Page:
The mole fractions of the components of vapours aren't the same as those of the liquid-liquid solution (unless the solution is azeotropic), this implies a change in the composition of the liquid solution when vapours arise. Consequently, the partial vapour pressures of the components would also change and there would be a messed up cycle. There has to be something that I'm understanding wrongly and I'd like to be told what it is.

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    $\begingroup$ Yes, the composition of the liquid does change. However, if you carry out it in a closed vessel the compositions would reach an equilibrium $\endgroup$ – Shoubhik R Maiti Apr 25 at 19:57
  • $\begingroup$ But a liquid cannot boil in a sealed container..? $\endgroup$ – Bhavya Minocha Apr 25 at 20:00
  • $\begingroup$ Well you can heat it in a closed container. If you mean "boil" in the sense of boiling off vapour, then yes it would have to be an open container, and definitely the composition of the liquid will change over time. $\endgroup$ – Shoubhik R Maiti Apr 25 at 20:01
  • $\begingroup$ Distillation, right? $\endgroup$ – Ed V Apr 25 at 20:06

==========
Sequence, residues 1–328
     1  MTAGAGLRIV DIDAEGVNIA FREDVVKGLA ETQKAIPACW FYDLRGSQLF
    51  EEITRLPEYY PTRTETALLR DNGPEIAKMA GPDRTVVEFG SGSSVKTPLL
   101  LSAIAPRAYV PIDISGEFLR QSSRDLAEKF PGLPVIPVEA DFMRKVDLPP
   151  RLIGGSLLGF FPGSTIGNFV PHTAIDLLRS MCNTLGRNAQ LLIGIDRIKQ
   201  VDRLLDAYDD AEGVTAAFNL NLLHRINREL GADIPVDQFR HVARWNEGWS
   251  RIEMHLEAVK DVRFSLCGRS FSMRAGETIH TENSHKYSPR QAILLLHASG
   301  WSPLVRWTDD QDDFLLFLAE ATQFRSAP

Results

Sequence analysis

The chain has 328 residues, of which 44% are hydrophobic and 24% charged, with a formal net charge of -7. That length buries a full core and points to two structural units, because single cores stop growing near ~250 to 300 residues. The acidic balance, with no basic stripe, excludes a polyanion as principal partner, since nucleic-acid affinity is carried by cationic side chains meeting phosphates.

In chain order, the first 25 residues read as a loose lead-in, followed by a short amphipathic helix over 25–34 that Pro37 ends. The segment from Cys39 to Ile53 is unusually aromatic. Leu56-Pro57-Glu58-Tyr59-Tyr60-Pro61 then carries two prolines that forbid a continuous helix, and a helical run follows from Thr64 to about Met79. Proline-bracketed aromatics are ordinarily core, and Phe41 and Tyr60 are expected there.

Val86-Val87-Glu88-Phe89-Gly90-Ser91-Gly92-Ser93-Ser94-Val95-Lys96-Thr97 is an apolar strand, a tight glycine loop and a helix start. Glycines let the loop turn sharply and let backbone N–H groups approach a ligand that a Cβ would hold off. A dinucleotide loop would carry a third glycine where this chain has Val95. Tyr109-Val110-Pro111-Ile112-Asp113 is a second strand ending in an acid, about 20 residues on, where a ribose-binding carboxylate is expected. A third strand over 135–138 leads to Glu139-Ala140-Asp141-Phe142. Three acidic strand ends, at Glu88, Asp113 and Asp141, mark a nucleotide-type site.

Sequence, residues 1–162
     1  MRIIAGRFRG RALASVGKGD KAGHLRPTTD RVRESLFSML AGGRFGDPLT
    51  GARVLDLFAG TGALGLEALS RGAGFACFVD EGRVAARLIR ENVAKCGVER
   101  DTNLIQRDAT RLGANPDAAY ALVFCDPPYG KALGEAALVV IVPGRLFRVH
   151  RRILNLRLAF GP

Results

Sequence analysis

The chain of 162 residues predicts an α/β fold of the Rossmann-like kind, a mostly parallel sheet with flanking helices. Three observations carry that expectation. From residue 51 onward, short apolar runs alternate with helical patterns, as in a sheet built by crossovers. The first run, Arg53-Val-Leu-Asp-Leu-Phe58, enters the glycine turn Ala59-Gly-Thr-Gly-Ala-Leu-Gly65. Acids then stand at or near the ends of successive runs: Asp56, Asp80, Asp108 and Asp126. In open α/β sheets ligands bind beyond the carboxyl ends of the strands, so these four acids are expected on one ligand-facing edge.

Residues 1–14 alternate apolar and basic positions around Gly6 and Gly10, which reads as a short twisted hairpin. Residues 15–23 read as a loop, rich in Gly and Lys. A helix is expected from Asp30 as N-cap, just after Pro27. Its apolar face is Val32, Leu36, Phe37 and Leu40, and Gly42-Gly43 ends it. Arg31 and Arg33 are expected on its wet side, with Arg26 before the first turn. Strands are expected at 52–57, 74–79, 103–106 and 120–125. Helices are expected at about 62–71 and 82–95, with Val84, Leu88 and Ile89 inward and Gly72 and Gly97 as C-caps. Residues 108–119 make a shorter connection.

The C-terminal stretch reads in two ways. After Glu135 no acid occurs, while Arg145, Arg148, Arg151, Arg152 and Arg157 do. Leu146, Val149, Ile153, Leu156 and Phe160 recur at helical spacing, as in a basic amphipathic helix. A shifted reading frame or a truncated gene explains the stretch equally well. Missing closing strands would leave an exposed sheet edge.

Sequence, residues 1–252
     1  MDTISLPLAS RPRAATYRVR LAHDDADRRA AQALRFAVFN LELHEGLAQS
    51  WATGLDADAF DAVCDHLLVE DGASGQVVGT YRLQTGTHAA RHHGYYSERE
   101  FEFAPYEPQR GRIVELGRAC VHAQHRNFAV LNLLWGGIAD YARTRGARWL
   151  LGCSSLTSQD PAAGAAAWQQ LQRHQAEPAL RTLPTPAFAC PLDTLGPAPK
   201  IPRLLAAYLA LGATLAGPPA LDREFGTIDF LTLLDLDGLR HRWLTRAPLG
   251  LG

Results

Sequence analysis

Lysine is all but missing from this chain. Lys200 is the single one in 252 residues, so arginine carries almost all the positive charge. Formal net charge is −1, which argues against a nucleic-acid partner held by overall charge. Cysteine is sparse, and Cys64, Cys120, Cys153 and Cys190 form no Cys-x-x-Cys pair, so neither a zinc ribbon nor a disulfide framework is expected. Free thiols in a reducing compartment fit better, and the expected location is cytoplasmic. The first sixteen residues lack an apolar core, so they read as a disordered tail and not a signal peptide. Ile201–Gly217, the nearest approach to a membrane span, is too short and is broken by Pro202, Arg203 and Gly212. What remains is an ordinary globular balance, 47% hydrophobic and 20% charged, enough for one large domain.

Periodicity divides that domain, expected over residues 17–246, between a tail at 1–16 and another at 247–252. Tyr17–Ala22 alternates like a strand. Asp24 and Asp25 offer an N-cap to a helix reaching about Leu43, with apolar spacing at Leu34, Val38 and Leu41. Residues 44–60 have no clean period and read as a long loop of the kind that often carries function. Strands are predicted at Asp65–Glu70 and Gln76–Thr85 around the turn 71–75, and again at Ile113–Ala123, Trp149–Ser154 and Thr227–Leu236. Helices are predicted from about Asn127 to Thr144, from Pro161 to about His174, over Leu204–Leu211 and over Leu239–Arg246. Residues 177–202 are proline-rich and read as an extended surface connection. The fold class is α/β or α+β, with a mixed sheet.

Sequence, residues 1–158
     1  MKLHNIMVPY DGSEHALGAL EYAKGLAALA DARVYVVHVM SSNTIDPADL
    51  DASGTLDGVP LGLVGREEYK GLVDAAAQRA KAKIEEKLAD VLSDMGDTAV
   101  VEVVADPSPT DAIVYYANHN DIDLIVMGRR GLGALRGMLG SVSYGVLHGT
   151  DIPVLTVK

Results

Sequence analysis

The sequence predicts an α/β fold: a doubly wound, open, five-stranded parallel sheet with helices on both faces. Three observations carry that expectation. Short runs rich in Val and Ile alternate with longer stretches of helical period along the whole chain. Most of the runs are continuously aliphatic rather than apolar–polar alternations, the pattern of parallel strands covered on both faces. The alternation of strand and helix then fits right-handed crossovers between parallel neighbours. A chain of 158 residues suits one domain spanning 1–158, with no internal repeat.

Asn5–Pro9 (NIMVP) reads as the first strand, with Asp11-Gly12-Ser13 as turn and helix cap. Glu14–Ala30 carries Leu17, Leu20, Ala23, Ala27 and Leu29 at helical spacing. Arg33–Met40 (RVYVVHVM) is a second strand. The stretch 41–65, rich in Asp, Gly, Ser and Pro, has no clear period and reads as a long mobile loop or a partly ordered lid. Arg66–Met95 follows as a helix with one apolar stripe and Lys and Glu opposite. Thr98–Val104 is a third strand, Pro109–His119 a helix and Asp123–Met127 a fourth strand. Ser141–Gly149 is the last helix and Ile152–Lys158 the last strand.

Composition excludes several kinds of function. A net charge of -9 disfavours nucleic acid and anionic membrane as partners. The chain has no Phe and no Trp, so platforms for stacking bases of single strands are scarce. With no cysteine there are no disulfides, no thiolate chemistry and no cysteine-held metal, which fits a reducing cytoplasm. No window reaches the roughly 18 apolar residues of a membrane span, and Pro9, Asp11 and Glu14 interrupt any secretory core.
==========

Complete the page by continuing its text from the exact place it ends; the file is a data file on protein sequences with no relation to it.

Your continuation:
• $\begingroup$ Here is a textbook chapter: chem.libretexts.org/Bookshelves/… $\endgroup$ – Karsten Theis Apr 26 at 0:56

It is not a messed up cycle. Let's consider what happens with an example.

If you heat up a mixture containing $10$% ethanol + $90$% water, the mixture boils at $92$°C, producing a vapor containing $50$% ethanol + $50$% water. With this operation the liquid loses more ethanol than water. So its concentration in ethanol decreases, and it is necessary to heat it up to a higher temperature to maintain the process of evaporation. When about one tenth of the liquid has distilled, the residual liquid contains still $5$% ethanol, and it is necessary to heat it up to $95$°C to obtain and continue boiling. At $95$°C, the vapor emitted contains $35$% ethanol. At $98°$C, the liquid contains still $2$% ethanol and the vapor $20$% ethanol. When the last drops are vaporized, the temperature is $100$°C and the last drops are made of pure water.

  • $\begingroup$ (+1) for the distillation example! $\endgroup$ – Ed V Apr 25 at 20:40
  • $\begingroup$ I was actually studying fractional distillation when the problem arose. When distilling ethanol, the solution of a given concentration is boiled and it's vapours extracted (and condensed). What confused me was this- how do we get a particular composition of vapours while boiling a solution (which is essential to obtaining a higher concentration of ethanol)? Or to do so, are the vapours extracted from a closed vessel rather than from a constantly boiling solution? Your answer gives an outlook of moving 'up the curve' in a positive azeotrope phase diagram, which I now fully understand. $\endgroup$ – Bhavya Minocha Apr 26 at 5:26

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